Citizen’s arrest not vigilante justice

Letters to the Editor (The Guardian)
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Editor: I felt the need to respond to the editorial published in the January 13 edition of The Guardian entitled: “Unlawful action or citizen’s right? A very tough call.” In writing this response, no disrespect is aimed toward the editorial staff at the Garden of the Gulf’s historic newspaper, though I couldn’t help but observe (at least in my opinion) that the piece smacked slightly of the bleeding heart liberalism that has been permeating every aspect of Canadian life since old Pierre Elliott Trudeau took the reins of power in 1968.

In what would appear to be sign of a society turned completely onto its head, a working man tired of getting ripped off by young men decides to actually make sure they learn their lesson this time. They’ve already robbed him and now commit assault. Afterward, in an occurrence proving just how twisted modern Canadian society has become regarding basic morals and the difference between right and wrong, the police deliberate charging the victim with forcible confinement.

The editorial then goes on to state: “Citizens taking the law into their own hands is the start of a slippery slope” and that only the police should have the power to make arrests. Up until about 180 years ago, there were no organized police forces in much of the western world. Under the Statute of Winchester (1285) citizens who witnessed crimes were obligated to summon bystanders to apprehend the suspect in a process known as a “hue and cry.” Upon capture, the nearest law enforcement officer would then charge the suspect.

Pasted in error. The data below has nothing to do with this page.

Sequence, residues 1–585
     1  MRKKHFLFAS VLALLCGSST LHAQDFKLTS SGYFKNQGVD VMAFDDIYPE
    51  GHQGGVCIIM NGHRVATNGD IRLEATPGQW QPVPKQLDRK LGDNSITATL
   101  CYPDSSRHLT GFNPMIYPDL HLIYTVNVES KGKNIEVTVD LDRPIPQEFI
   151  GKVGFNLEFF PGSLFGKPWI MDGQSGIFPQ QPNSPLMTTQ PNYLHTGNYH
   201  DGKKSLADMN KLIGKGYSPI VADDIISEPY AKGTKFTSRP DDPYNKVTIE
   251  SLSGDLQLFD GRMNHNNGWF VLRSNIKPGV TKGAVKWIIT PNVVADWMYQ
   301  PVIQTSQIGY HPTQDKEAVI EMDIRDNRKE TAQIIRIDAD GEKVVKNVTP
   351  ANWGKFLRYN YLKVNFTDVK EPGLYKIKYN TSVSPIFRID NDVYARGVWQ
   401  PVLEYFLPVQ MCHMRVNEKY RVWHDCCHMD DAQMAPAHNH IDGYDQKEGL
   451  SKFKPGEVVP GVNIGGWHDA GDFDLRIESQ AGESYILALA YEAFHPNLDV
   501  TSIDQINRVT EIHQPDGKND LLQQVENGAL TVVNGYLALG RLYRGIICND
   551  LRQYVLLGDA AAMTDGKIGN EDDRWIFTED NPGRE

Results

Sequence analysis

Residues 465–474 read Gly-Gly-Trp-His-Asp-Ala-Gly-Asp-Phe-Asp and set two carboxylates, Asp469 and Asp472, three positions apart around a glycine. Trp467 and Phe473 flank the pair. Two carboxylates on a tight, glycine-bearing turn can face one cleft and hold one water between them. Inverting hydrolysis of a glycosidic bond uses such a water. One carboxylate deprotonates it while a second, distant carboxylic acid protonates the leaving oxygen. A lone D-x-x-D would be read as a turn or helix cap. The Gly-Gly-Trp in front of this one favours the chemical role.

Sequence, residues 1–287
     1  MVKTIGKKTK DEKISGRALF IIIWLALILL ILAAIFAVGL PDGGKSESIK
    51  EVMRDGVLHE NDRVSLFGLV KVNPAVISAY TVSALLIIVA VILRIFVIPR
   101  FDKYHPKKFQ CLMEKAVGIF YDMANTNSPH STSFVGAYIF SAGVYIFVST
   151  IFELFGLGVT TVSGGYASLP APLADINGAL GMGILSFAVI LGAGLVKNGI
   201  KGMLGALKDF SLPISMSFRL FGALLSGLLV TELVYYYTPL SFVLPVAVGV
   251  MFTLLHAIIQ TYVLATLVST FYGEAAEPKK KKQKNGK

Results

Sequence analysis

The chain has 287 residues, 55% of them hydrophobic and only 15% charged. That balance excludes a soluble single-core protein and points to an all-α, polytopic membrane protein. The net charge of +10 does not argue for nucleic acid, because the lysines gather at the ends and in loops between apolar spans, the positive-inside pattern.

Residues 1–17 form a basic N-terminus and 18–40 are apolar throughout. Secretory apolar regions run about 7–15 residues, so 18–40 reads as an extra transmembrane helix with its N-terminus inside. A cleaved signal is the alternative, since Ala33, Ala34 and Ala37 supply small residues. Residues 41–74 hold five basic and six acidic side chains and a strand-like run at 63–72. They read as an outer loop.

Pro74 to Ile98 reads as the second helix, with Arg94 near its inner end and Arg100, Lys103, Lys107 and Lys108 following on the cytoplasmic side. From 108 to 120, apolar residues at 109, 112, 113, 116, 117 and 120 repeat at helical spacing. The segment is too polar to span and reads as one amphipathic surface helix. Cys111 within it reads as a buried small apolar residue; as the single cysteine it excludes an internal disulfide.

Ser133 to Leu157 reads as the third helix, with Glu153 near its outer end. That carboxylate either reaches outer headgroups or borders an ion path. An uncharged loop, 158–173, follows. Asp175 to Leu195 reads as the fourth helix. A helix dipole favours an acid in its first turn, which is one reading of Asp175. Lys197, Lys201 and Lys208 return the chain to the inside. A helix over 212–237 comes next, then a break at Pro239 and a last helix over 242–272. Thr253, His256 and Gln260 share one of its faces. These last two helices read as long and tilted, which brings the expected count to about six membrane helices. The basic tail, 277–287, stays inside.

Owing to this country’s traditional low crime rate, many Canadians have become complacent with regards to safety and personal protection. Sadly, the country my parents and grandparents grew up in no longer exists.

Laying frivolous charges against citizens for merely protecting their property, families or livelihoods has to stop. Every man, woman and child on this planet is born with the natural right to life, liberty and security of the person as outlined in Section 7 of the Canadian Charter of Rights and Freedoms.

Chris McGarry,

Belfast, RR #3

Organizations: The Guardian, Canadian Charter, Rights

Geographic location: Belfast

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